The nation’s long-term care insurers paid out $12.3 billion in claims during 2021, representing a significant increase over prior years, according to the American Association for Long-Term Care Insurance (AALTCI).
As pointed out by Jesse Slome, AALTCI director, the amount of claimed benefits paid to policyholders grew by approximately $700 million compared to the 2020 payout. According to the association’s annual report of claims paid, the $12.3 billion paid represents an increase of $2 billion over the total claim benefits paid by the industry in 2018.
“Claim benefits were paid to some 336,000 policyholders,” Slome says. “Some claims amount to small amounts and some can be significant, totaling over $1 million.”
Partly explaining the growth in payments is the fact that the number of individuals paid during 2021 grew by roughly 11,000 compared to the prior year.
“Even if you do a simple calculation, the average claim amount paid out for the year would equal $36,600. And claims can last for several years,” Slome adds.
The amount reported represents claims for those owning traditional or health-based long-term care insurance. The association report does not include data for those who have purchased a linked-benefit policy. These include life insurance or annuity policies that can also provide payouts for qualifying long-term care needs.
According to data provided by Genworth’s U.S. life insurance division, fewer than 10% of those who will likely need long-term care insurance own a policy. Related data from Northwestern Mutual suggests seven out of 10 people over the age of 60 will face a long-term care event.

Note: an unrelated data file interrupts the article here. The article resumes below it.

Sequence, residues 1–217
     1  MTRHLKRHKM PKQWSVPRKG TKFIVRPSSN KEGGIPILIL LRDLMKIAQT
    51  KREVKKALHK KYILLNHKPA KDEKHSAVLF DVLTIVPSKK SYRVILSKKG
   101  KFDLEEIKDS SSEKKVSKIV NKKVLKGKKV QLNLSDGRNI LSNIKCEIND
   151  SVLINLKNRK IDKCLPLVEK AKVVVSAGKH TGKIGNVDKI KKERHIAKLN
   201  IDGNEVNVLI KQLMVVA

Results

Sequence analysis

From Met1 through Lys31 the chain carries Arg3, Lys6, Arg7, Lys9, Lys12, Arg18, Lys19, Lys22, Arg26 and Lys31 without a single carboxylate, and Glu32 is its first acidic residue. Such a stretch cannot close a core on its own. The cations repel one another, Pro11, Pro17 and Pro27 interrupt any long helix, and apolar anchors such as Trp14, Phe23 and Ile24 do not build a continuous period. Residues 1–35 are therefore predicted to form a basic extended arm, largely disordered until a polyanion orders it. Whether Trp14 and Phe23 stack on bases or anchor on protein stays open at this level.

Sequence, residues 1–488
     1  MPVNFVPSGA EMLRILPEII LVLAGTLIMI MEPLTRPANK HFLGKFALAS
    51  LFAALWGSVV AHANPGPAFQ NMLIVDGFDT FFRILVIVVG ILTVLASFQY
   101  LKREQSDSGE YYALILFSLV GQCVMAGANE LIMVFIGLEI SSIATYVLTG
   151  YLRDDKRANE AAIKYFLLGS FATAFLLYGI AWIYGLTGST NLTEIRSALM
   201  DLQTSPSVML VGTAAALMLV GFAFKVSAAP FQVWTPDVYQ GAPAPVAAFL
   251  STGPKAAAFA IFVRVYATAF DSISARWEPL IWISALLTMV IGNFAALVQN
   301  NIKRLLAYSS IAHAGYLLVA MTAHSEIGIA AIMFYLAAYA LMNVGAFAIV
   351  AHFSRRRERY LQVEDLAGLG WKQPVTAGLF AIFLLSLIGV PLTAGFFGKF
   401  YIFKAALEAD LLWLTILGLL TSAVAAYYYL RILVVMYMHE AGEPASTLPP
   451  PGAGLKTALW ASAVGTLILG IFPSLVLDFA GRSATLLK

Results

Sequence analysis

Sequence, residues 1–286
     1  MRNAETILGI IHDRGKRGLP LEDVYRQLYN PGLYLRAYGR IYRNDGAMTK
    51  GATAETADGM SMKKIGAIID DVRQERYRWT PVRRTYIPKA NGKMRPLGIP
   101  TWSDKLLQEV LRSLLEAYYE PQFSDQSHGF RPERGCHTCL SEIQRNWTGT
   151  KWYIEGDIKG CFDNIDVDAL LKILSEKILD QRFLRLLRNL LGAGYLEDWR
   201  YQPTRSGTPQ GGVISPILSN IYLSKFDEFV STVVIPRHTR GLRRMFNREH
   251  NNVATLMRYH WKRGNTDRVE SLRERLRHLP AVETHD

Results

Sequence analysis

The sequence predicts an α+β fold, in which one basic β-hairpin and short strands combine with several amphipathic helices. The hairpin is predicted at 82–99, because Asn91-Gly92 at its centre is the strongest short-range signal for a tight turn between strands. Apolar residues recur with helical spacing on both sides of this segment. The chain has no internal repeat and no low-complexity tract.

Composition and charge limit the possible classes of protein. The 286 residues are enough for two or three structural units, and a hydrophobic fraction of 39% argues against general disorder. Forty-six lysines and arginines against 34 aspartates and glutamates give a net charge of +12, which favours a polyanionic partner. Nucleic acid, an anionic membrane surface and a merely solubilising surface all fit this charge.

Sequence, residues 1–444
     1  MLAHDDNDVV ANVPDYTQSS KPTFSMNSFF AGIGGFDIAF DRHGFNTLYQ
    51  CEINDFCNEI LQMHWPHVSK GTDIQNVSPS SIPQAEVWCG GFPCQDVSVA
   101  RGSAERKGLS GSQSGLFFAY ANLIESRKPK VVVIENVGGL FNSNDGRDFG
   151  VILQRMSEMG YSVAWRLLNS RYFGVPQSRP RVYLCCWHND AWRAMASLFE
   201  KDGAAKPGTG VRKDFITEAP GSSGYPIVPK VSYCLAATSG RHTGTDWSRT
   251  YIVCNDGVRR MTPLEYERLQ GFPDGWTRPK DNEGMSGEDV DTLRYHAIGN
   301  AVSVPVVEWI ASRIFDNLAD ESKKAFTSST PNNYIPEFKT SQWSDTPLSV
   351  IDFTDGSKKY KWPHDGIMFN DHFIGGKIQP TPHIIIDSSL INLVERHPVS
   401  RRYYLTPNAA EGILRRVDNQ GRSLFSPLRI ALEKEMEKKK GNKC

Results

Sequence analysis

What typically prompts a person to decide to inquire about or purchase long-term care insurance is having experienced the need for such care in their own family, according to Northwestern Mutual. Or, perhaps, they are facing a medical issue of their own.
A HealthView Services analysis reveals that an average, healthy 65-year-old male/female couple has a 75% chance of at least one spouse requiring some form of long-term care if each live to their actuarial life expectancies. “Regardless of the type of care required, those who fail to plan for long-term care may face substantial medical bills with few means to pay other than by liquidating assets,” it says.
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